The social and cultural benefits of genetic ancestry testing

 

I received my 23andme results a few weeks back and it has reminded me of a few things about genetic testing. Depending on how it’s used, it can definitely have some drawbacks. But it can also have many personal and social / cultural benefits.

Here are some of the possible social and cultural benefits that come to mind.

We are reminded that we are all overwhelmingly alike. Only about 0.5% of our genetic material has to do with our particular geographic or ethnic history. We are overwhelmingly alike as human beings, and as Earthlings we are also overwhelmingly alike. As human beings, we share almost all our history and ancestors, and as Earthlings we share a great deal of our history and ancestors.

Many of us, and especially in North America, have a far more mixed ancestry than we may expect. For instance, some who identify as “white” may have Asian, North-American, or African ancestry mixed in.

Same or similar genetic sequence-patterns are found in most or all human populations. So when the different companies assign an ethnic group based on particular patterns, they do it based on statistics and probably. Any particular pattern may be more prevalent in some groups but are found in other groups as well. So the analysis is not always accurate. Again, it’s a reminder of how similar we are.

Our official family history isn’t always the same as the genetic one. We have an official set of ancestors. We have a genetic set of ancestors. And the two are not always the same. This may help us hold our identity more lightly. We can (learn to) embrace and appreciate both.

This all makes it more difficult to justify or hold onto racism. (Although I am sure some will be able to if they really want to.) We are all Africans. We share almost all of our DNA. Many of us are more mixed than we think. Any differences are, in the big picture, very superficial.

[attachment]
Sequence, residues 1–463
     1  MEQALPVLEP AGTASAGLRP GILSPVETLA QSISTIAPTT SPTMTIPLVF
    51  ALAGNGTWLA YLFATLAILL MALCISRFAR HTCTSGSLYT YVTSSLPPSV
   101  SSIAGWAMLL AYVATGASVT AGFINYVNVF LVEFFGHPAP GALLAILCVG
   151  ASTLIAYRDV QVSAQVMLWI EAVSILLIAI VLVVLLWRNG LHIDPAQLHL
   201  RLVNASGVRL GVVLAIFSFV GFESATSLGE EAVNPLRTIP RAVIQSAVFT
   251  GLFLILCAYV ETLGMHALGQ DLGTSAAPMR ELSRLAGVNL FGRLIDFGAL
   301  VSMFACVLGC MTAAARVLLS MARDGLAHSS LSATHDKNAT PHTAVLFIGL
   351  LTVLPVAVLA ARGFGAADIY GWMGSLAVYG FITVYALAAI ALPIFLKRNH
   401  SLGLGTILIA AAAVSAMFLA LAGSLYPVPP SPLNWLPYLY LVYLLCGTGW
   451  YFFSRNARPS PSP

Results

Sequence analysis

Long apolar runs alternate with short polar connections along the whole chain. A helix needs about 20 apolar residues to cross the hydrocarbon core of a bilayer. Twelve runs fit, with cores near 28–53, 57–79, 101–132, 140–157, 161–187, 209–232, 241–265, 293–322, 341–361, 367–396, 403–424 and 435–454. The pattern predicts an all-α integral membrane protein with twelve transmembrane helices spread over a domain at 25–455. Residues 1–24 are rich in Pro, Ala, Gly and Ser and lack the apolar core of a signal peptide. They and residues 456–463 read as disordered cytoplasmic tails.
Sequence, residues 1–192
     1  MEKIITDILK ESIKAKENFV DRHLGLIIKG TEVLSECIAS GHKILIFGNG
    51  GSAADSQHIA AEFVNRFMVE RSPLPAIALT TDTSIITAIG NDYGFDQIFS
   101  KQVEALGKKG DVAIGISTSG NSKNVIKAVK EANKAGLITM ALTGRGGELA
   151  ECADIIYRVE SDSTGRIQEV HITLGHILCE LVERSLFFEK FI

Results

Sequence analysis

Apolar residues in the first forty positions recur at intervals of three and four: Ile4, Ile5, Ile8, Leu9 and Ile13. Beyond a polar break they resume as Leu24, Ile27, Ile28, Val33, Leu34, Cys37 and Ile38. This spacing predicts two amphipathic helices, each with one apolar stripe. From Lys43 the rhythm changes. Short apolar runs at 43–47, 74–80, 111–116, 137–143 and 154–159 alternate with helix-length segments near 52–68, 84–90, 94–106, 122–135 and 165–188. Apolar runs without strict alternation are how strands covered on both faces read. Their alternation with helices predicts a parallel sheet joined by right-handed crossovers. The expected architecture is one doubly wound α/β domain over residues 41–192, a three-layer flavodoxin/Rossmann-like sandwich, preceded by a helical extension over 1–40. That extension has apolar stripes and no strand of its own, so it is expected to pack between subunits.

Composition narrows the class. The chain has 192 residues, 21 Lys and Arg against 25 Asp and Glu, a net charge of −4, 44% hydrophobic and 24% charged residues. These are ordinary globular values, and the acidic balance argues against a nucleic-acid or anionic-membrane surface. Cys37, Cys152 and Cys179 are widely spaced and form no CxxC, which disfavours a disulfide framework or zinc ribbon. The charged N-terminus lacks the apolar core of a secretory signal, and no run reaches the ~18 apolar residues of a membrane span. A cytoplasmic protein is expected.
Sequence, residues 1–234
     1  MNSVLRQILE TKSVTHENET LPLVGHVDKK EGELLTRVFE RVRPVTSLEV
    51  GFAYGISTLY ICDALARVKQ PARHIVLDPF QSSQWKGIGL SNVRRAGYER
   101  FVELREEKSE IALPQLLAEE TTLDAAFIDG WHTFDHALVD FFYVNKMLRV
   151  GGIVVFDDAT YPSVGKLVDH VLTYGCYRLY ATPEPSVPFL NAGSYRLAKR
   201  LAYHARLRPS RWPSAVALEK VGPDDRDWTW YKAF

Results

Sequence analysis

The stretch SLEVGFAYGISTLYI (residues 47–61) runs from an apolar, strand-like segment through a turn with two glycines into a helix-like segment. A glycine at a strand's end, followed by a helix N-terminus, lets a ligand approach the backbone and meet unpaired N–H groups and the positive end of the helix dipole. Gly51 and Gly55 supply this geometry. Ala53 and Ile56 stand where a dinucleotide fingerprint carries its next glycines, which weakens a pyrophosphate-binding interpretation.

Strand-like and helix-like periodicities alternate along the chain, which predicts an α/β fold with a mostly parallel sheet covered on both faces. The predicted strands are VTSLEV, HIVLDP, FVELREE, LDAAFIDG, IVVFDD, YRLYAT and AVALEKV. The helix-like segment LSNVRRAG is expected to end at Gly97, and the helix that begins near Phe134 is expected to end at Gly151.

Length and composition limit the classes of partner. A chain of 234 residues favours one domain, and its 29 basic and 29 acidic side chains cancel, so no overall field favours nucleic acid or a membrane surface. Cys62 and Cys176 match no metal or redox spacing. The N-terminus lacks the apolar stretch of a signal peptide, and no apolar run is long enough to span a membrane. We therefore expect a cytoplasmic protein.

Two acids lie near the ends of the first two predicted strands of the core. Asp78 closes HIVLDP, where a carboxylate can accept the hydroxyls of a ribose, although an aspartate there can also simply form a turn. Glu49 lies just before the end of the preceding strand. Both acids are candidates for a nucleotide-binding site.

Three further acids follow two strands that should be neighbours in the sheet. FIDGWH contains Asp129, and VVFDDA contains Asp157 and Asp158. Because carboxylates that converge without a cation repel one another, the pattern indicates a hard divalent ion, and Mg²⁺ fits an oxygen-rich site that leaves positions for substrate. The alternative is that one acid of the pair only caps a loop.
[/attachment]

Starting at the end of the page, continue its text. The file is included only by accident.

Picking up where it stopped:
As genetic testing becomes more common and our understanding improves, it may well have an impact on culture. And, if we want, it may help us see how closely we all are related. It may widen and deepen our sense of “us” as human beings and even as part of the Earth community.

As mentioned, there are also possible drawbacks. For instance, it’s easy to misinterpret or hold certain interpretations as more solid than they are. And some may get stressed out by certain interpretations of their health or ancestry data. They may realize one or both of their parents (or grandparents) are not the ones they thought they were. Or they may mistakenly think that’s the case based on misguided interpretation of the data. Or they may think that a slight statistical increase in likelihood of a certain illness means they are actually likely to get it (which may not be the case at all). And I guess there is some risk that employees or governments can use certain data in unfortunate ways. (I don’t think it’s happening much or at all now, but there is always the risk.)

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Shifting center of gravity into more universal identities

 

In some ways, any challenging life situation is an invitation to release identification with more superficial identities (roles, work, gender, preferences etc.) and shift the center of gravity into more universal ones.

– from a previous post

This is a part of healing and awakening, and – to some extent- sustainability and creating a society that works better for all, including future generations and ecosystems.

We all have a mix of different identities. Some set us apart and some are more universal. Some are conscious and some are less so. Some have strong identifications and some not so much. And they come from culture, family, and personal experience (sometimes reactivity).

Life tends to challenge the identities that set us apart, and the more strongly we are identified with them the more stressful and dramatic we may experience those challenges. For instance, we may be identified with being young but we inevitably get older. We may be identified with being healthy, strong, and active, but get sick. We are identified with a political orientation but realize something else makes more sense. And so on. The identities that set us apart typically have to do with roles we play in life, whether it’s relationships, work, age, gender, or different political, religious, or other orientations.